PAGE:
One thing people can do is just talk with them, in a way that’s not blaming or judgmental, and doesn’t re-victimize them. If you’re concerned about the behavior of a loved one or to a loved one, focus on the behavior and not the person. Otherwise, you can isolate them further from their support system, and there’s a chance that they might not reach out again. So focus on the behavior, and on listening, and focus on talking about what they deserve in a relationship. You can also consider becoming a part of someone’s safety plan, if that feels safe enough to you, consider offering to be a place to go or person to talk to, and telling them that you want to be included in their plan.
You can also always encourage them to reach out to Project Sanctuary, especially right now, if you can’t offer someone a place to stay. Sharing information and resources is one thing everyone can do, even if they are simply in their house, start by just reaching out to someone.
Unintentionally, if we feel uncomfortable, we sometimes tend to not reach out to people, because we feel uncomfortable and don’t know the solution. So just letting them know that you’re thinking about them, that you are part of their support system, that you are concerned about them and care about them — everyone can do this during this time. It can make a huge difference, because you are telling them that their abuser is wrong, that it’s not true that ‘no one cares about you,’ so even if it’s just saying, “how are you doing, I care about you,” something that simple can make a big difference.
Right now, with people being aware that there’s an increase in domestic violence, it may make community members be even more judgmental of people that are remaining in domestic violence situations. At Project Sanctuary, we honor that survivors and domestic violence victims are the experts on how to keep themselves safe. This is a time where, unfortunately, sometimes people remain safest by placating that person, and being safe inside their home. We encourage people to seek out resources, but we understand that each person is living inside their own home, and that they are the expert on how to keep themselves safe. It’s really important not to judge that, if people feel they are unsafe outside the home, or unable to leave right now.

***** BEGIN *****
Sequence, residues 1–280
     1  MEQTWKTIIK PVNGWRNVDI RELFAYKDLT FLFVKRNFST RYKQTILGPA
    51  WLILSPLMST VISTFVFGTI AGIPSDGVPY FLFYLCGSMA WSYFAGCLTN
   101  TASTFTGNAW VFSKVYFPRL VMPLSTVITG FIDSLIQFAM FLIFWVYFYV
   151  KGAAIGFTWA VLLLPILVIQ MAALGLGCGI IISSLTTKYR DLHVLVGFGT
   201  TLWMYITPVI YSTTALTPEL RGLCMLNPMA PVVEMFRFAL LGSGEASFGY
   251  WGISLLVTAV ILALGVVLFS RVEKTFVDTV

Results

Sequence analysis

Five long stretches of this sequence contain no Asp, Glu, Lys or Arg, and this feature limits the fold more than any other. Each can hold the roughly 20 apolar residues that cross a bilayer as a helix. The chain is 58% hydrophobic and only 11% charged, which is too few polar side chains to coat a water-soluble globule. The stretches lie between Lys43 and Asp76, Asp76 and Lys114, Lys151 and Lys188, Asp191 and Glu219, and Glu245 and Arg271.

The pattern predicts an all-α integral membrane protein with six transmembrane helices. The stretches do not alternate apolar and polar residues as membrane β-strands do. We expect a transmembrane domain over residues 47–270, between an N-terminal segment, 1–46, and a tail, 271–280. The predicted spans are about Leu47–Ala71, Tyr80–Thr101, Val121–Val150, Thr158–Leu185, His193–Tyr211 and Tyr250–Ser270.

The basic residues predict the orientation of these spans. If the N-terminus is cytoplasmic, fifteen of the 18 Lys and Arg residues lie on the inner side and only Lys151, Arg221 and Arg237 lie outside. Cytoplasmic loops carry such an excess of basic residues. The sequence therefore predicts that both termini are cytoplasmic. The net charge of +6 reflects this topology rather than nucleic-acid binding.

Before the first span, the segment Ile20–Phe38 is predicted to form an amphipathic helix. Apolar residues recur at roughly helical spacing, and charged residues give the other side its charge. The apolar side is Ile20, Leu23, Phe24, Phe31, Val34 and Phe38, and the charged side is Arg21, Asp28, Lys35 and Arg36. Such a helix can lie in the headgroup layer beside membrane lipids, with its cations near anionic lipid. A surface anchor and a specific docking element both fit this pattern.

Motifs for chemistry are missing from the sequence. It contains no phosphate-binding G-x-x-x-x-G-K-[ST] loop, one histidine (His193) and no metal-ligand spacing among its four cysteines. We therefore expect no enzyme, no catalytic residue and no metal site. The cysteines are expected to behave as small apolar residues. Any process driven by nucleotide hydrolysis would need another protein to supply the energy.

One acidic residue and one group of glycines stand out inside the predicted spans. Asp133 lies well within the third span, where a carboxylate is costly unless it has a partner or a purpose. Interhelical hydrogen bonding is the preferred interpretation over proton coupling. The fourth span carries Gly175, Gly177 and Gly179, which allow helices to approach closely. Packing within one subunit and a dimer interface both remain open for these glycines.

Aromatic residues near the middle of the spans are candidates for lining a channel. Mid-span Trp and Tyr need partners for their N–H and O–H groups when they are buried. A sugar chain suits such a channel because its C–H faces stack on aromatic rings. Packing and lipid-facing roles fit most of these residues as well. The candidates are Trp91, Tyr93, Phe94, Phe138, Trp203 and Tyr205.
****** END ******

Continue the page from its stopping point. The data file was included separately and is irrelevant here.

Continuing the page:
TMV: How does domestic violence in Mendocino County compare with other parts of the state, and what are some of the specific issues facing rural communities? How can we address this as a community?
LH: We know that domestic violence and sexual assault are some of the most significantly under-reported crimes. We also know that Mendocino County has the highest rate of adverse childhood experiences (ACE) in our state, and that we have the first or second highest rate of child abuse in state. These are easier statistics to know than if the domestic abuse or sexual assault rates are higher, but it likely that Mendocino has a higher rate of domestic violence than other areas. One challenge of smaller communities is that people might know the names in the arrest logs, and so it can feel bigger than it is sometimes, but from everything we can assess, it does seem to be happening at a higher rate than in other areas.
It is true that nationally, internationally, and locally, these are always under-reported crimes, and there are a whole host of reasons why, which can be amplified in a small community. Especially when the abuser is in a position of power, or is known to law enforcement, or people don’t want their address to be in the booking log — all of those things are amplified, including the fear of calling Project Sanctuary.